A funny thing happened after I finished The Evil Within 2. I was ready to play it again, and it’s been a minute since I felt the need to do that. Resident Evil 4 was the last game I jumped into it for a second, third, even fourth playthrough, perfecting my runs, and bleeding that game dry. Since recent entries haven’t been quite up to snuff, I haven’t feel the same desire. Resident Evil 7 was close but it capped off in a way that was satisfying, and with DLC in the pipe I didn’t feel that urge to give it another go, instead waiting for that final DLC package to come along and do it all in one go. But The Evil Within 2 managed to clean up so many of the problems that plagued the first game that I felt compelled to try to go back and get some of the achievements I missed, complete some of the mini-games (wouldn’t be a Shinji Mikami title without a shooting gallery mini-game), and max out series protagonist, Sebastian Castellanos’ skills with all that green gel I had been collecting. When I initially started this game though, I didn’t quite have the same feeling. In fact, I was outright dour on The Evil Within 2 through the first few hours. This is due to the biggest design change to a horror game I’ve seen in quite some time, the addition of a pseudo open-world to explore.
Where the first Evil Within title took place inside Beacon Mental Hospital and within the mind of Ruvik and his creation, STEM, The Evil Within 2 takes place completely within STEM as well, but without the constant, jarring shifts in locales and instant deaths that plagued the first title. While The Evil Within 2 likes to change locales at a moment’s notice, it also gives you time to breathe in these new locations, and even make light of the situation, especially when some of the ancillary stuff starts popping up in Sebastian’s ‘room.’
The initial deep dive into STEM immediately exposed me to the dangers that Sebastian and I would be experiencing. A killer who could freeze his victims in time, forever trapped in the hellish nightmare of the moment of their death. And deadly enemies with a penchant for blood. With no weapons to start with I’m weak, vulnerable, and I have to run. And then it happens, the first major shift, we’re no longer in the narrow hallways with the messed up scenery. Now, I’m out in the open, in the ‘sleepy town’ of Union, a creation within STEM that was built by Mobius, the spooky Illuminati-esque group of the first game. This is where things got weird for me initially.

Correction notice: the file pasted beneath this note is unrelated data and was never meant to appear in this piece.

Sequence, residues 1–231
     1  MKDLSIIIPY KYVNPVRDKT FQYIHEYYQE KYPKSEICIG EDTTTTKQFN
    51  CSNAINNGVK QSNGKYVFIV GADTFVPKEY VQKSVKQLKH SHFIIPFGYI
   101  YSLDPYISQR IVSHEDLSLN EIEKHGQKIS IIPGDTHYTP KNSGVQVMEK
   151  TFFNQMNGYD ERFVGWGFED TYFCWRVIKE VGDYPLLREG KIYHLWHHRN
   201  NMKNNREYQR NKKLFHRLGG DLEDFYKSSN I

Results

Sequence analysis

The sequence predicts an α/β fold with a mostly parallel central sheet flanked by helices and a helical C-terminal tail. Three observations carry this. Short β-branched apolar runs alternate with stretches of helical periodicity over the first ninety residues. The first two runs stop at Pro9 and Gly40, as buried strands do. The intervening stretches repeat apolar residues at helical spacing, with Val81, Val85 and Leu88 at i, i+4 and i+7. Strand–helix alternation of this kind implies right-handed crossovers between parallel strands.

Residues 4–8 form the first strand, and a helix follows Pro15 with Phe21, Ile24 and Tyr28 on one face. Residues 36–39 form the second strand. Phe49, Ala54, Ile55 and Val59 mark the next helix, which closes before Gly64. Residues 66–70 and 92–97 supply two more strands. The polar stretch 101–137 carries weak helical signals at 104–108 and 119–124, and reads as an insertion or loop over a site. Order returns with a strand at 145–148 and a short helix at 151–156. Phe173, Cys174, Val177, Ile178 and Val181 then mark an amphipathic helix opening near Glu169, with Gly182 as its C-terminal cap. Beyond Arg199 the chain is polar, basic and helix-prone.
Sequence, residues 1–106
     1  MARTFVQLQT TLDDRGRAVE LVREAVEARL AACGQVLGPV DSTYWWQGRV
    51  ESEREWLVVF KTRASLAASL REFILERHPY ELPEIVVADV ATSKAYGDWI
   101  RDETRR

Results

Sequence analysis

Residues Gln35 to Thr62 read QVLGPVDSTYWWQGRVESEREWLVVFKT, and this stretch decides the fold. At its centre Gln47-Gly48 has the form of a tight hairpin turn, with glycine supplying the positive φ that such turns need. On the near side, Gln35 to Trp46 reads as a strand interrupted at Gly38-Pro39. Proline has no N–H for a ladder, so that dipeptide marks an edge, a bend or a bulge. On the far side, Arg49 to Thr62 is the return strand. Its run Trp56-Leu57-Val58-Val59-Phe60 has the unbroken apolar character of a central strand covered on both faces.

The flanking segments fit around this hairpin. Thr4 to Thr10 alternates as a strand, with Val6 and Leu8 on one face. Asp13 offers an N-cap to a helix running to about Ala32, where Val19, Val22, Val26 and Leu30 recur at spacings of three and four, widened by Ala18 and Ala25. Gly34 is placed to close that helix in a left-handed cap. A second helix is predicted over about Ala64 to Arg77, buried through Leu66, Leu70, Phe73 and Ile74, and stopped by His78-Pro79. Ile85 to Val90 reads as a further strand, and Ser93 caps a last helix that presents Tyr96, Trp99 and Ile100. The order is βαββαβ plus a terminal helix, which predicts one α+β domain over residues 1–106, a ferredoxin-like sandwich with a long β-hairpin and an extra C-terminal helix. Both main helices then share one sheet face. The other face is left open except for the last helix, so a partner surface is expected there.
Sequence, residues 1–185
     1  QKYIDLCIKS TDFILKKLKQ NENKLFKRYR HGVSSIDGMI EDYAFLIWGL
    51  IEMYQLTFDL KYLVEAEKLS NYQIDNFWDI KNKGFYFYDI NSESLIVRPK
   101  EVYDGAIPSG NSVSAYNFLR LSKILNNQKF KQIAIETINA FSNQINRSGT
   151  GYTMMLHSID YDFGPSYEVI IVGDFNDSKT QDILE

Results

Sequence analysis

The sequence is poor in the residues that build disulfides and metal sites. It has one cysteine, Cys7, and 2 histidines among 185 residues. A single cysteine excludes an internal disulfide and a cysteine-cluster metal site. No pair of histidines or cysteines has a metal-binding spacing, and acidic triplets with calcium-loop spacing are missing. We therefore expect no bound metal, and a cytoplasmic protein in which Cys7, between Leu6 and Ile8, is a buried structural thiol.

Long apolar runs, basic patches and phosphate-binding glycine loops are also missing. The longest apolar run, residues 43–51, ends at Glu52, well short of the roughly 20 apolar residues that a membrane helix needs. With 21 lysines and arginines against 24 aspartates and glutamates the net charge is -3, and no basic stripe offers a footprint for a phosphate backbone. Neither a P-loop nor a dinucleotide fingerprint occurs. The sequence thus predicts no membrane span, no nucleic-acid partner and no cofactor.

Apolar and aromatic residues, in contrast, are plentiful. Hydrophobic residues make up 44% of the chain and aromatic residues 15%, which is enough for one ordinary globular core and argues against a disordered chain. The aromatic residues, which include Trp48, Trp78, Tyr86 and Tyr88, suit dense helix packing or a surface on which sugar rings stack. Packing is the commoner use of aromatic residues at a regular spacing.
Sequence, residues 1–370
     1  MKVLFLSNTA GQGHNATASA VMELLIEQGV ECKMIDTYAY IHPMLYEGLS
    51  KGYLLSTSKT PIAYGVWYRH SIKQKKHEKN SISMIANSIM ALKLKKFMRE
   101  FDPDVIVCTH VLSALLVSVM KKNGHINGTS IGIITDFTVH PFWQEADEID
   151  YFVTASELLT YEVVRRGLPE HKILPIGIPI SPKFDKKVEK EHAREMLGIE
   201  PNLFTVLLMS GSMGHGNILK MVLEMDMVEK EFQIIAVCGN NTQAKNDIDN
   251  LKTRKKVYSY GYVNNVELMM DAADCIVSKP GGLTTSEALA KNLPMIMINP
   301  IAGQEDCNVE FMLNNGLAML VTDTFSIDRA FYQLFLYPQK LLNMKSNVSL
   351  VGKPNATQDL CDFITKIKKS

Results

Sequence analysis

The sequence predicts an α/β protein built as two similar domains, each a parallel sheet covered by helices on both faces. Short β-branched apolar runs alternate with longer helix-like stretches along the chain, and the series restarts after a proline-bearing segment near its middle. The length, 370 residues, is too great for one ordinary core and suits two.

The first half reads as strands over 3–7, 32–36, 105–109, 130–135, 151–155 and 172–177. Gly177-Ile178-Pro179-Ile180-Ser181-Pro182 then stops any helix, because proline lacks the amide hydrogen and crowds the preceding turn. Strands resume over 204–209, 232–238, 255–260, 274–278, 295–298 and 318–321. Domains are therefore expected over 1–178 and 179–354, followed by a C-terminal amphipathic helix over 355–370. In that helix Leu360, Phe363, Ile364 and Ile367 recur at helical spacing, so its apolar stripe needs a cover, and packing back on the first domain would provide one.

The open world is a major shift for a horror game for me. This game also really wants me stealth around, and I’m not sure how I feel about that. Sure ammo is at a premium, but there’s a ton of items with which to craft, and plenty of weapons to collect as well as upgrade. The emphasis on stealth isn’t a major deterrent, but it changes the tension of certain situations. In The Evil Within 2, I felt like I was moving between instances of tension, with the open world just being this thing to explore to find the materials necessary to survive the next instance of terror. Although I must admit, I rarely felt the intended tension that this game was preparing me for. I can think of less than ten instances where I felt genuine terror, a lot of that due to being scripted moments, some that I’ve seen before. So while I may not have experienced the game the same way as other people, I can at least appreciate what the designers were trying to do, even if it didn’t hit me the right way. There is also a short first-person segment of the game as well, and it’s interesting to see the designers were willing to throw in these little experiments, just to break up the small open-world segments.